Rock Band's Message Merits a HearingAt first sight, the underground rock band Pu Peong Chung (Blue Punk Bug) looks distinctly disagreeable. Baggy pants, scowling faces － the kind of guys you wouldn't bring home to mother. A reporter found it hard to stomach one of the band's songs, "Don't Press," with lyrics that jeer at journalists: "Press, I want to tear you in pieces... Are you trying to cheat and to tell lies again?" Conservative Koreans, accustomed to unthreatening, comely dance groups, are also apt to balk when this punk rock band shows up.
However, it must be said that this band is noteworthy for the very straightforward and defiant message it champions. Seen from a different angle, the boldness Pu Peong Chung testifies to when it sings these "outrageous" songs can be interpreted as refreshingly unpretentious and candid. After all, they are just being faithful to their music － punk rock music － a part of rebellious youth culture.
Consisting of the vocalist Kang Min-byung, the guitarist Park Sung-ho and the bassist Lee Kyu-young, the band began to try to turn ambition into reality in 1998, releasing the song "Eodumeui Jasikdeul" ("Sons of Darkness") in 1999, on a compilation album that featured several independent rock bands. The same year, they released their first single, with the A-track "Bbang" ("Bread"), along with their first album, called "Pu Peong Chung."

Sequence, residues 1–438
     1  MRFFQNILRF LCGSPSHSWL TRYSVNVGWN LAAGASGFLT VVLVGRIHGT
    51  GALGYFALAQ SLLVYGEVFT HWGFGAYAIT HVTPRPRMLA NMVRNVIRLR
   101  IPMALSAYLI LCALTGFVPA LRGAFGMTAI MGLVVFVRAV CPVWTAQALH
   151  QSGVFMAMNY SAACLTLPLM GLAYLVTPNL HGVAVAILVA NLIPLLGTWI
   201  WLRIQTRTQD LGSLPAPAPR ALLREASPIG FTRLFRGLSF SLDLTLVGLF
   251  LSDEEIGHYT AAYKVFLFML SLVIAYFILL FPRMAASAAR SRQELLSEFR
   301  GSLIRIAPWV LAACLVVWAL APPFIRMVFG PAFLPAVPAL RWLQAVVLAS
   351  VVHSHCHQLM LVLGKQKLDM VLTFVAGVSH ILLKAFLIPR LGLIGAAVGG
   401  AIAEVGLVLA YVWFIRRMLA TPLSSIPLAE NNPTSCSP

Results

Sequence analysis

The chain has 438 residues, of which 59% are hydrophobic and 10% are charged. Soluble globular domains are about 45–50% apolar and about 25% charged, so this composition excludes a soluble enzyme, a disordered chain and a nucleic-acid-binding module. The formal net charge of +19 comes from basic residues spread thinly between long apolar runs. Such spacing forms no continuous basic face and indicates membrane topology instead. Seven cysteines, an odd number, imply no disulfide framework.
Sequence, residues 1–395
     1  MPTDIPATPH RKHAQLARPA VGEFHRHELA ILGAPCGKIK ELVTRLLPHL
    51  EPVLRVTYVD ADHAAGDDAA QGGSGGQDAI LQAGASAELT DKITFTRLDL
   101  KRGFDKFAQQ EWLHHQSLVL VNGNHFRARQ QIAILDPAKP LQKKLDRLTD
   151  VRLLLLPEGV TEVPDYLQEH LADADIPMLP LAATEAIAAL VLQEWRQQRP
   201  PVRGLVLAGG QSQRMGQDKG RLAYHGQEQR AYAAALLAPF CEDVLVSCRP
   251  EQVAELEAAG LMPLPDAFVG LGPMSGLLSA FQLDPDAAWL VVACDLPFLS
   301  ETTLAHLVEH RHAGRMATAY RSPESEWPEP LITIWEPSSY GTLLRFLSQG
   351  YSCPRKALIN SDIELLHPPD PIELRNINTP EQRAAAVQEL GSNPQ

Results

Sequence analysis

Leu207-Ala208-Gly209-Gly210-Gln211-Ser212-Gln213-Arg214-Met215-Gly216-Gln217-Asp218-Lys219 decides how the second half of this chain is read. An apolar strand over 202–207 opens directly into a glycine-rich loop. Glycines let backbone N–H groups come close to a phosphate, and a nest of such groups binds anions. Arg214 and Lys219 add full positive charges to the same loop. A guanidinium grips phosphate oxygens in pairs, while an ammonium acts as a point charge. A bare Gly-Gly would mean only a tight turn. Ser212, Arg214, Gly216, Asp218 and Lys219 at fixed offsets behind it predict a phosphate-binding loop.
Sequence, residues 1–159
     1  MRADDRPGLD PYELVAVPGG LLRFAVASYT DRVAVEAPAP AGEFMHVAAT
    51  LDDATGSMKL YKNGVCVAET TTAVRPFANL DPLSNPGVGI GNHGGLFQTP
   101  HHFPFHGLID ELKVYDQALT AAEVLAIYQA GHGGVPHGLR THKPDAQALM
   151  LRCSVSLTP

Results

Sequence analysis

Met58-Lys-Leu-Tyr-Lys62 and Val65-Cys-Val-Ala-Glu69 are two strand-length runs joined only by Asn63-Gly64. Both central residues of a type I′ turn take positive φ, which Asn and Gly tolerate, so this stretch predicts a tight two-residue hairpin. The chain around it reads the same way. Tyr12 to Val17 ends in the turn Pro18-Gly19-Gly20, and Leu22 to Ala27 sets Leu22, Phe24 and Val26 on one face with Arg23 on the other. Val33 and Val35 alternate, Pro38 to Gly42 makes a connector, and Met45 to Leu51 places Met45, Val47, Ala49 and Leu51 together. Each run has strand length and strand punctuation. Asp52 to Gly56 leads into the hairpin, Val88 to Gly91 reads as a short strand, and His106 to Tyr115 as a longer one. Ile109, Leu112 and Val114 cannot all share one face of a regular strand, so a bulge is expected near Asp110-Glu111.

They continued to pursue recognition in 2000 with the release of their second album, "Tough Like Metal," featuring the anti-journalist screed, "Don't Press." They contributed a song, "Bomnaleun Ganda" ("Days of Spring Pass"), to the original soundtrack for the Korean film "Seom" ("The Isle"). The movie was later invited to the 2001 Sundance Film Festival.
The band has succeeded in charming some critics because their fierce message is backed by good technique. The music they create is a well-constructed mix of heavy metal from the '80s and punk rock from the '90s. Underlying their distinctive sound is a good dose of talent.
Another reason why this outwardly unappealing band is getting such a good response is the band's adamancy about its style of music. Unlike other groups, whose music seems to be a product unrelated to the lives and experiences of the group members, these young men's music reflects their lives, and those lives are outside the music industry. The vocalist, Mr. Kang, has a job that requires him to work 24 hours every two days; the guitarist, Mr. Park, designs and produces Web sites; the bassist, Mr. Lee, is currently completing a university degree in education. They write and perform their own music, producing albums by and for themselves, earning elsewhere the money they need to live on their own.
So it is not surprising that these impassioned musicians create a sound outside the usual sphere. But it remains to be seen whether this defiant yet talented band will get a hearing from the public.
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